Chrétien de Troyes
Érec and Énide
Translated by A. S. Kline © Copyright 2018 All Rights Reserved.
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- Lines 3663-3930 Érec defeats Guivret le Petit
- Lines 3931-4280 Érec’s encounters with Kay and Gawain
- Lines 4281-4307 Érec and Énide depart once more
- Lines 4308-4380 The maiden in distress
- Lines 4381-4579 Érec defeats the two giants
- Lines 4580-4778 Énide and the forced marriage
- Lines 4779-4852 Énide resists the Count
- Lines 4853-4938 Érec revives and kills the Count
- Lines 4939-5058 Érec mistakenly fights with Guivret in the darkness
- Lines 5059-5172 Guivret offers Érec and Énide his hospitality
Lines 3663-3930 Érec defeats Guivret le Petit
EREC, galloping swiftly, goes
Down a lane twixt two hedgerows.
He rides, with his wife in the lead,
Each spurring on their steed.
They ride on; the lane they follow,
Till they reach a mown meadow.
Leaving the field they found
A drawbridge, which was down,
Not far away from a tall keep,
Ringed by a moat, wide and deep,
And encircled by a solid wall.
No obstacle that bridge at all,
But only a little further they trace
Before being seen from a high place
By the knight who owns the keep.
Of whom I tell you, truth I speak,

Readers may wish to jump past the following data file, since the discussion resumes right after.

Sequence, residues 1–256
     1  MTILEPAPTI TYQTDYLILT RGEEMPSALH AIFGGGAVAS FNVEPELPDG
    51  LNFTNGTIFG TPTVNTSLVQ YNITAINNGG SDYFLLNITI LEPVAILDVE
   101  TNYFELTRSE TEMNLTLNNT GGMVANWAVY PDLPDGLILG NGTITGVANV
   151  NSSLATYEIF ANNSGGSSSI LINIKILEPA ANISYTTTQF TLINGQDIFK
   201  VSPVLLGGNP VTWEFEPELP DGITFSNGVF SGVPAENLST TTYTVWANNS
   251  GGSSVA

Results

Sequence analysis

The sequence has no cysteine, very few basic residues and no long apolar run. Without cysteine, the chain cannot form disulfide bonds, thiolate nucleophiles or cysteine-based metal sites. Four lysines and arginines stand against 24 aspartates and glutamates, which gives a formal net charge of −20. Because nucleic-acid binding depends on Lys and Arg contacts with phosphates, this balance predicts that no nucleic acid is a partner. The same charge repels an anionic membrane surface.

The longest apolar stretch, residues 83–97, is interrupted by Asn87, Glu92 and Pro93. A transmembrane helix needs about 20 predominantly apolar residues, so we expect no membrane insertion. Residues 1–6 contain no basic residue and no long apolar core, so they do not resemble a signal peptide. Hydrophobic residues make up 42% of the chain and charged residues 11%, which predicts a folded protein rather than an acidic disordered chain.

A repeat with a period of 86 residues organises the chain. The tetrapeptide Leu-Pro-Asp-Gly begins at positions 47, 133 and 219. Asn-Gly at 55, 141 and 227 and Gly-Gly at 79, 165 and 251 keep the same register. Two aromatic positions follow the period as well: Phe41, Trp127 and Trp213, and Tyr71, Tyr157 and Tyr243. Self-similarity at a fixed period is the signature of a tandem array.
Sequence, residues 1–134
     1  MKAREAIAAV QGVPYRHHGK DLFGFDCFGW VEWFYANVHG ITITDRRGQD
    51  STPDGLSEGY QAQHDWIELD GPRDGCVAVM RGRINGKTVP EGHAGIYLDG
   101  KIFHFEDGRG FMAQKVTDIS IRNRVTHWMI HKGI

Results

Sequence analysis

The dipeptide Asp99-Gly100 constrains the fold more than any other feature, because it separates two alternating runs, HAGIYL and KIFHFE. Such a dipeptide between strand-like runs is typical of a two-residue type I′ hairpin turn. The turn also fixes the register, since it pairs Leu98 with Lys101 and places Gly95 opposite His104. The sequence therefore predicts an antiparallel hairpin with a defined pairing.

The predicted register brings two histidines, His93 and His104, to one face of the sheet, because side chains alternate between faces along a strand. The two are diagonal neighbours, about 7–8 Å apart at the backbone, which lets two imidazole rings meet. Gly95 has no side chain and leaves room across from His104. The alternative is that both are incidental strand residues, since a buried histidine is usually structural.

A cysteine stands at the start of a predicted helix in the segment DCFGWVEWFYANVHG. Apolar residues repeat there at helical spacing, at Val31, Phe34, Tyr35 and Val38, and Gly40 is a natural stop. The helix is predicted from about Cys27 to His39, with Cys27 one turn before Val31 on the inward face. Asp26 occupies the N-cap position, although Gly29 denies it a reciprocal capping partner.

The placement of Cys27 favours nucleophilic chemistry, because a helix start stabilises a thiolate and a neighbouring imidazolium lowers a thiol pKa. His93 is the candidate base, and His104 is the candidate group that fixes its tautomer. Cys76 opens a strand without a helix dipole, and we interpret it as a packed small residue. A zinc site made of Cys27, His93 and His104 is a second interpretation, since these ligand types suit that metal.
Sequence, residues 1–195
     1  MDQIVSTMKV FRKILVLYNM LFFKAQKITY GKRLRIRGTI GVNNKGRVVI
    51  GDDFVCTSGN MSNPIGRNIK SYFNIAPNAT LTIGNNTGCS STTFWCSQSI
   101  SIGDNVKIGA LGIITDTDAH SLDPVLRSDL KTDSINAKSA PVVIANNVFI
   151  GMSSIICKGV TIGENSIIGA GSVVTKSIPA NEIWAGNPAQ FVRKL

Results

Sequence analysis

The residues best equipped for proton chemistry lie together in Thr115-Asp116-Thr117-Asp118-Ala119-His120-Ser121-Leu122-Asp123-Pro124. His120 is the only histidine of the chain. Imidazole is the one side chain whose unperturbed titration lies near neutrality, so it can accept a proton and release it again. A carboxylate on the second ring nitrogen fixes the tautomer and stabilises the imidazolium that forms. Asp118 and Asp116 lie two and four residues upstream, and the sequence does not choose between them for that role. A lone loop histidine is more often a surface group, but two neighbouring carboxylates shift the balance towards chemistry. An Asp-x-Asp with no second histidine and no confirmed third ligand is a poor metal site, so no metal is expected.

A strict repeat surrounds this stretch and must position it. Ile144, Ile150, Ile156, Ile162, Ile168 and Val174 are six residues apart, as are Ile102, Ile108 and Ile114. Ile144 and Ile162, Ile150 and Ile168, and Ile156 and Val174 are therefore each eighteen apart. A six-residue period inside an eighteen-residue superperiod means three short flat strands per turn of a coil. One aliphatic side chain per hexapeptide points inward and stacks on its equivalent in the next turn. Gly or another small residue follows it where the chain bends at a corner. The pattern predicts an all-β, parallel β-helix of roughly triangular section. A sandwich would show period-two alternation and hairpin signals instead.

That he was very small in stature,
Though brave-hearted by nature.
He, spying Érec, once across,
Descended quickly, had his horse,
A sorrel charger, in saddle arrayed;
Upon that a golden lion portrayed.
Then he had them bring his shield
And his long lance, to take the field,
His keen blade, whetted for fighting,
His helmet, all bright and shining,
Gleaming mail, and plated greaves;
For in his lists now he perceives
This armed knight go riding by,
With whom his arms he would try,
One who must fight, yet swiftly
Be compelled to yield completely.
His orders were soon acted upon.
Behold the horse, its saddle on,
Is led forth, with bridle and rein,
By a squire; while, in his train,
Another squire brings the armour.
The knight passes the tower door,
Riding swiftly, all on his own,
With nary a single companion.
Érec trots all along the hillside:
Behold the knight quickly ride
Over the hilltop, swift indeed,
Mounted on his powerful steed,
Galloping on at such a speed
It ground the stones without heed,
Finer than any millstone will
Grind the corn there in the mill;
While on every side there flew
Glittering sparks, of fiery hue,
So that its four hooves seemed
As if bolts of lightning gleamed.
Énide heard the sound and fury,
And almost fell from her palfrey,